This story definitely puts a grim twist on the legend of the tooth fairy, as Matilda Dixon is, initially, a positive influence in her hometown, but after a fire that disfigures her and causes extreme sensitivity to light, the townsfolk turn on her without question. Having to wear a porcelain mask and being able to only come out at night when the sun is down would be horrible indeed, but thinking that an entire town would suddenly think of a kindly old woman that suffered a tragedy had suddenly become a witch is kind if stretching things a bit. For the asked of expedience and building up the beginning of the movie however it’s understood why such a thing would be done. When two children go missing in the town, Matilda, who’s already under suspicion, is blamed immediately since of course, a mysterious and reclusive individual would be shady without a doubt. But after Matilda is hanged, leaving behind a convenient curse first, the kids are found and the townsfolk have to endure a bit ‘uh oh’ moment. Burying Matilda and the secret is definitely easier than admitting they were wrong and lamenting their poor deduction skills, which means the folks of Darkness Falls fall right into the category of being a moronic, angry mob comprised of those that don’t think for themselves.
In other words, this movie hits the various tropes that are set for it in kind of a clunking, bumbling manner since it’s fairly easy to lay the story out and guess what’s going to happen, making it very predictable but also comfortable since there aren’t any huge surprises waiting in the wings unless one isn’t really that much of a horror movie aficionado. All the same, however, the story is pretty cool since the truth is that a lot of towns probably hold a fair number of secrets that they don’t want coming out either because said secrets are embarrassing or are so horrible that people quickly realize that they might impact the town in a negative manner. Some might ask what could possibly come from revealing secrets that no one living had anything to do with, but the truth is that while nothing could happen to the residents, the reputation of the town might falter just a bit.
But with Darkness Falls, this kind of secret is undeniably deadly since, in the realm of fiction, where dark secrets can have serious ramifications such as harboring a deadly spirit that kills people, it might be necessary to unearth such a secret and do something about it, preferably in the daytime. There are so many ways that people might rip this movie apart since the glaring questions of why anyone would take the issue of missing kids so lightly might come up, or it might happen that some ambitious police officer might dig into the disappearances a little further and figure out the legend of Matilda Dixon. Or perhaps someone could have figured out that the main character, Kyle Walsh, didn’t kill his mother and couldn’t have possibly done so considering his age and the manner in which she was killed. There are a lot of different ways to trip this movie up, but the fun part is simply watching it and realizing that it’s operating completely on the suspension of disbelief, even for a fictional horror movie.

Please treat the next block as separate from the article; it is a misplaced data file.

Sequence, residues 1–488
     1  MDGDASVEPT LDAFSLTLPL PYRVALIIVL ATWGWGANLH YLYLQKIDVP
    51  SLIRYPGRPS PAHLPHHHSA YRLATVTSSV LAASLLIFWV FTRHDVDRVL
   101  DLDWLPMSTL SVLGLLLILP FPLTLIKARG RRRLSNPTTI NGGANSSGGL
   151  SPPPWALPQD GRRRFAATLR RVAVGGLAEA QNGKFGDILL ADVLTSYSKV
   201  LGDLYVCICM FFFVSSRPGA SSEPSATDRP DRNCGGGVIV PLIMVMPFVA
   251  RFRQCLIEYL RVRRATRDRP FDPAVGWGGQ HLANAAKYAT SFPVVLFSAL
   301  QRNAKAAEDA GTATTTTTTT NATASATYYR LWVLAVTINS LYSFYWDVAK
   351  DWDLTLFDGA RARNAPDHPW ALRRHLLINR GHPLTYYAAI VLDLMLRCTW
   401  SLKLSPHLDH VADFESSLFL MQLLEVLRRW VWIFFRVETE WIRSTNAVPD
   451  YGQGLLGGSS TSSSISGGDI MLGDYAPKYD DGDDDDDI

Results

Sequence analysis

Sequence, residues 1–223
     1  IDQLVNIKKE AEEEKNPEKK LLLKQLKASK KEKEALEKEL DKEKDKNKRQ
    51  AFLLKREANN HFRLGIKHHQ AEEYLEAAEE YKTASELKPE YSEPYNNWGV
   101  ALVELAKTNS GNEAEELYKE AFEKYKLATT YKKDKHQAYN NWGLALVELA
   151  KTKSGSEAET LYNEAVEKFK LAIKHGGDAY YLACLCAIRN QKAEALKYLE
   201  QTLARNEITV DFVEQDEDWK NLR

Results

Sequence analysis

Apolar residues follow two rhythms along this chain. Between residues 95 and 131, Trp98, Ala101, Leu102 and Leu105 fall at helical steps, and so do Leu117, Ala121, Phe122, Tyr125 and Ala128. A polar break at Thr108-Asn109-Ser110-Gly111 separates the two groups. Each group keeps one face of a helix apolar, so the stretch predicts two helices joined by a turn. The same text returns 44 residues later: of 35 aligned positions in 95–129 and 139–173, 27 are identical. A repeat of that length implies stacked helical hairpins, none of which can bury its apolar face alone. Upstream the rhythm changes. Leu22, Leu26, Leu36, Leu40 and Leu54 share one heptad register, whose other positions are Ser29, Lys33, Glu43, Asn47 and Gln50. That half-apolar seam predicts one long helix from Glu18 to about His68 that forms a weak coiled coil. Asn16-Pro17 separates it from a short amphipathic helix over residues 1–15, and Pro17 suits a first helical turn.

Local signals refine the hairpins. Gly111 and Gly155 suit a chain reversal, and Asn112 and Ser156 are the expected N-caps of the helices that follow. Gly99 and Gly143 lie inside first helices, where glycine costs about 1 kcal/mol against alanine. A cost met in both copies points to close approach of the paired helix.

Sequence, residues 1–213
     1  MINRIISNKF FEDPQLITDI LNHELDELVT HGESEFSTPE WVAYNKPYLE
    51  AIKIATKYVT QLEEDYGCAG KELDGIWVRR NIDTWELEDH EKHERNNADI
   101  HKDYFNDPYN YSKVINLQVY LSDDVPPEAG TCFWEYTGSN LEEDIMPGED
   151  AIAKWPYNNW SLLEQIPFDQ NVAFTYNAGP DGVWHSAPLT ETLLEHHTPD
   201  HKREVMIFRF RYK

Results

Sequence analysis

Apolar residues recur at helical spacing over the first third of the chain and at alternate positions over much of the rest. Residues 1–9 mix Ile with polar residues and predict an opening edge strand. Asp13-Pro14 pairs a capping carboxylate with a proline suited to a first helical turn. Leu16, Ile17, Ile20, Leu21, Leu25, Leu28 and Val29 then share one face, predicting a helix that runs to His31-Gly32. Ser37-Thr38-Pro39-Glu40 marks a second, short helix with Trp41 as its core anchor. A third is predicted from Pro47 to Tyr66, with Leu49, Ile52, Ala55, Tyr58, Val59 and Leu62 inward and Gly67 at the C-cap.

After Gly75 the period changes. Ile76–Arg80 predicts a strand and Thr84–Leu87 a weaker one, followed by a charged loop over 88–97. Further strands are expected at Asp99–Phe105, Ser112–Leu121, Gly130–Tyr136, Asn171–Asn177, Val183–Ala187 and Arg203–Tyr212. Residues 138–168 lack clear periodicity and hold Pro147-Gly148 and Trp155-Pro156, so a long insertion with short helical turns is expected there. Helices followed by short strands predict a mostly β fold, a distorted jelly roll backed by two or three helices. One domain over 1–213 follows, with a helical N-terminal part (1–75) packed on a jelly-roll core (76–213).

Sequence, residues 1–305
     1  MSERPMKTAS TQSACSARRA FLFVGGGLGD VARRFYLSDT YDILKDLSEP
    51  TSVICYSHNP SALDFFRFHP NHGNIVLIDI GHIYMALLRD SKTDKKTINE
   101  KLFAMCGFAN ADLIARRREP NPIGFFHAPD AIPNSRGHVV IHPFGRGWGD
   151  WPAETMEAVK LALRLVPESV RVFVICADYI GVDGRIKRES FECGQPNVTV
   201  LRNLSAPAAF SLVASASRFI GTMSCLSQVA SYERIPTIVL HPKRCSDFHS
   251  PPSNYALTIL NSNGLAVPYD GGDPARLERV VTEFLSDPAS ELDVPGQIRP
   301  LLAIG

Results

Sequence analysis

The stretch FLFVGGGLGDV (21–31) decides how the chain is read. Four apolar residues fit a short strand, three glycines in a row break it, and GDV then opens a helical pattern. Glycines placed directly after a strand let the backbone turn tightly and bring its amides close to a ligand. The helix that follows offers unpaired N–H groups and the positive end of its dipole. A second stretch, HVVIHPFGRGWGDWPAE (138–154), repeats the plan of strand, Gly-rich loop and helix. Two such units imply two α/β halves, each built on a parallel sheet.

Every now and then however this is the type of horror movie that’s needed, something that doesn’t force a person to think too hard about what’s happening and why. There isn’t a lot of mystery to this movie, the main antagonist is keyed up quickly, the main protagonist is a troubled individual that was subjected to a cruel twist of fate when he was younger, and now there’s a person that needs his help back in his hometown, which has suffered a rash of tragedies that people simply don’t talk about. To be realistic, this is the type of horror movie that a lot of us might have grown up with, where everything is laid out and there aren’t any well-kept secrets from the audience, but despite this fact, the movie is enjoyable enough for B-level horror since it’s humorous as well as terrifying.
Matilda Dixon is one of the many antagonists in horror history that’s absolutely deadly but has a glaring weakness that can be exploited so long as the people she’s after understand how to use it. A person could argue that this is one of the most common weaknesses for an evil spirit to have, an aversion to the light, but seeing how it carried over from life to death it’s kind of interesting, to be honest. But if we’re going to really nitpicky, it’s a far easier weakness to deal with than other movies, where out-bullying the bad guy was the best way to defeat him.